No Crossed Wires: Cell Phone Communication in Parent-Adolescent Relationships

Research output: Contribution to journalArticlepeer-review


Parents’ ability to parent their adolescents may be extended by using a cell phone. At the same time, using the cell phone, adolescents can seek out parental interaction. The outcomes of parent–adolescent interactions via cell phone are not well understood. In this study, 196 parent–adolescent dyads (13 percent father–son, 11 percent father–daughter, 30 percent mother–son, and 46 percent mother–daughter) completed questionnaires about their cell phone calls to one another, parenting processes, self-esteem, and self-efficacy. Parents reported greater communication and closeness when adolescents initiated calls seeking social support. Adolescents reported greater conflict when parents called for monitoring activity, for tracking schoolwork, and when upset. Calls to ask and confer by adolescents and to track school work positively related, but parental calls when upset negatively related to parental self-esteem. Adolescent self-esteem is predicted by calls seeking support and negatively associated with parents calling when upset.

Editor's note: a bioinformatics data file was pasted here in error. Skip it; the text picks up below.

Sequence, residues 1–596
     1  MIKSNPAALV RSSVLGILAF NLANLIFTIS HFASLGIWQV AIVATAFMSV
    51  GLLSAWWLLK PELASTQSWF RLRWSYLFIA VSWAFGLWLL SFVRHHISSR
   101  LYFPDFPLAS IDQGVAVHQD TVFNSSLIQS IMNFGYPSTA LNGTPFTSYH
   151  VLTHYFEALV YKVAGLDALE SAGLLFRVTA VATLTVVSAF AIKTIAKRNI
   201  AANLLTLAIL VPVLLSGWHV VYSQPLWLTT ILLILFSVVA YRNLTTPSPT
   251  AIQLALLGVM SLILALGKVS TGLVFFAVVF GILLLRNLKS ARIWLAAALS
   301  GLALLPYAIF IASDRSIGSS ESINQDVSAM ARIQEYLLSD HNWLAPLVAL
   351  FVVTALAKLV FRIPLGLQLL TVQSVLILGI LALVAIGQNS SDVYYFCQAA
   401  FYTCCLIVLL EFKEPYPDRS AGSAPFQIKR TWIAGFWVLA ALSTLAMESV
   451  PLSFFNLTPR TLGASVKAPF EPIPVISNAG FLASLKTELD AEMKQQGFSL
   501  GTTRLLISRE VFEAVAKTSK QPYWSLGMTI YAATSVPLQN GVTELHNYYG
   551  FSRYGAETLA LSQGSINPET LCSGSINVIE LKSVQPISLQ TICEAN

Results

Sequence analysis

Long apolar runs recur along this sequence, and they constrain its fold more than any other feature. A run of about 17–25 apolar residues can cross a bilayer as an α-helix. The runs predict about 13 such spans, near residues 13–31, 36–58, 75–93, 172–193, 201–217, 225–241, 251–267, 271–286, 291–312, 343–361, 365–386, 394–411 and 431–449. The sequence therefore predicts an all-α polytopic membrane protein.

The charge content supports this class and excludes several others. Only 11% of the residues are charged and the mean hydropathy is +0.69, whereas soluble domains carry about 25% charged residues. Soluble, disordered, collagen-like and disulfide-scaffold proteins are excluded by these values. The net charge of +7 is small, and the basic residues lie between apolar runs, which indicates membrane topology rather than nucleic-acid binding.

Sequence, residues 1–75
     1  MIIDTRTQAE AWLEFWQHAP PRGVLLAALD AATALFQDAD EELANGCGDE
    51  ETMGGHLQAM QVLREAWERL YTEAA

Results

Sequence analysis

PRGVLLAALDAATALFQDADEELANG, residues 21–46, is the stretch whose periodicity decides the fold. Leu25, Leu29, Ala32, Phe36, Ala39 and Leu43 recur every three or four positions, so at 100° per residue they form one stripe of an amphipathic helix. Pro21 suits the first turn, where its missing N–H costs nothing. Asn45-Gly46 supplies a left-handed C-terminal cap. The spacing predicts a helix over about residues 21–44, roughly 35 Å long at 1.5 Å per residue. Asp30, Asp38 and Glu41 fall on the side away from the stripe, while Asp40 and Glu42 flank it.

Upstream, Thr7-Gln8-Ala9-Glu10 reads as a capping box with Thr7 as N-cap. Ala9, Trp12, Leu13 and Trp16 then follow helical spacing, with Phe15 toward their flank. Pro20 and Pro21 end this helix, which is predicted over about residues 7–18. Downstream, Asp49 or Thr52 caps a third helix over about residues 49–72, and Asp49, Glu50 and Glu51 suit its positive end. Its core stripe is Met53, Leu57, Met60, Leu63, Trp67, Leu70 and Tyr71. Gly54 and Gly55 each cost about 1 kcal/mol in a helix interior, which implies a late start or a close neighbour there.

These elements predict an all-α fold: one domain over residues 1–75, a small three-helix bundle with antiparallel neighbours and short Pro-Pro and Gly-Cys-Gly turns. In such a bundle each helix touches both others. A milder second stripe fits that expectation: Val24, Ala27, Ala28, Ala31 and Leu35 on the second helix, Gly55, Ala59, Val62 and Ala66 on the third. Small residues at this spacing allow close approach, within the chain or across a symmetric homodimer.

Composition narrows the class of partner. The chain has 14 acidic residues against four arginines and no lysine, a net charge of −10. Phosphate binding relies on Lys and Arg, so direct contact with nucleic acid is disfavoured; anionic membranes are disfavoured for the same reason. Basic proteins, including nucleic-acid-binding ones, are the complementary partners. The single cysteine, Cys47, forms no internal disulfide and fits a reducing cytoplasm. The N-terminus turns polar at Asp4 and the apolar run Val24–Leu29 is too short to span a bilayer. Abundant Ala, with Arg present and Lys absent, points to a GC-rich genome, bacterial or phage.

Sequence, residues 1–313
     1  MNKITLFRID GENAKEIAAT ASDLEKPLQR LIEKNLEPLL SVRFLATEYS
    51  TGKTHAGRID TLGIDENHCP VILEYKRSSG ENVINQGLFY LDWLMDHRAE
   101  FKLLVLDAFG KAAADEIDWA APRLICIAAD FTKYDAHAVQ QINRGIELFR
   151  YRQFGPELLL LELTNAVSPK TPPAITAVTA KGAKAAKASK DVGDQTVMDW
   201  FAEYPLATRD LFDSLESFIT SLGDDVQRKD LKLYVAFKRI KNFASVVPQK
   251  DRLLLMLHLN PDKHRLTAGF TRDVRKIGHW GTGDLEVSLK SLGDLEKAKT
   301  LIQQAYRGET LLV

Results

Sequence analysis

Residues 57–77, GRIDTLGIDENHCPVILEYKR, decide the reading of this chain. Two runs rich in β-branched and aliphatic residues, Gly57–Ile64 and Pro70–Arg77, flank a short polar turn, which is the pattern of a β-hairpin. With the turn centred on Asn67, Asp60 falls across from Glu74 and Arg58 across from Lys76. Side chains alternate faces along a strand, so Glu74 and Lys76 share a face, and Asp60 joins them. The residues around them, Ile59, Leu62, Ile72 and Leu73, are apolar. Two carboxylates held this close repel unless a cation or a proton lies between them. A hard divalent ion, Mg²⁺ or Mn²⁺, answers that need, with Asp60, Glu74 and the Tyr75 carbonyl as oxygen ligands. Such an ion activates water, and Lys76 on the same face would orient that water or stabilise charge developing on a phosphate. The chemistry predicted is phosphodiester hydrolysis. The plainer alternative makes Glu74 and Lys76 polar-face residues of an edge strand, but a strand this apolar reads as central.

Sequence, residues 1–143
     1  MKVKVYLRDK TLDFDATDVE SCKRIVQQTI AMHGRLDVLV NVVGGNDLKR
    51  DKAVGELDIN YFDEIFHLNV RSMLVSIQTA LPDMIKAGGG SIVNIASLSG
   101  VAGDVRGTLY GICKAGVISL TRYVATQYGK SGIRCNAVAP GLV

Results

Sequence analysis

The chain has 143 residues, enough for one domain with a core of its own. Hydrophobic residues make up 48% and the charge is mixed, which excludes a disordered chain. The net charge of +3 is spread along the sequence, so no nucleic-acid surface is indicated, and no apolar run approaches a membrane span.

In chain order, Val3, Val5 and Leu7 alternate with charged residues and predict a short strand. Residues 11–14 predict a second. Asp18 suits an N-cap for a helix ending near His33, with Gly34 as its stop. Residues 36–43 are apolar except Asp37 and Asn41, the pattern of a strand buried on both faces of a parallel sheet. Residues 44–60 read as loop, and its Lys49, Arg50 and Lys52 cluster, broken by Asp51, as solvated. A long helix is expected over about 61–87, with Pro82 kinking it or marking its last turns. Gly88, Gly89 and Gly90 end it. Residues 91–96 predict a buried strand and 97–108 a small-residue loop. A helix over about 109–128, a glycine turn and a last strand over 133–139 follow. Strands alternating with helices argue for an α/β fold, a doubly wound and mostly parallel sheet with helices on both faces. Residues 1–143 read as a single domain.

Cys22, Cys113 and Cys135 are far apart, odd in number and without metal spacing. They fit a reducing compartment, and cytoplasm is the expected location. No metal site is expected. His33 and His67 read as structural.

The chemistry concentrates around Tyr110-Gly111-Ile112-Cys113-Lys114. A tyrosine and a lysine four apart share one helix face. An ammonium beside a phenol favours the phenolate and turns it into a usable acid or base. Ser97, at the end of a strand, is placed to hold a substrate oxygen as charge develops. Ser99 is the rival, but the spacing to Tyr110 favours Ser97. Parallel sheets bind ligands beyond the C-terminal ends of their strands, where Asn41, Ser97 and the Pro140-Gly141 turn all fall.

Original languageAmerican English
JournalCyberpsychology, Behavior, and Social Networking
StatePublished - 2011


  • Psychology

Cite this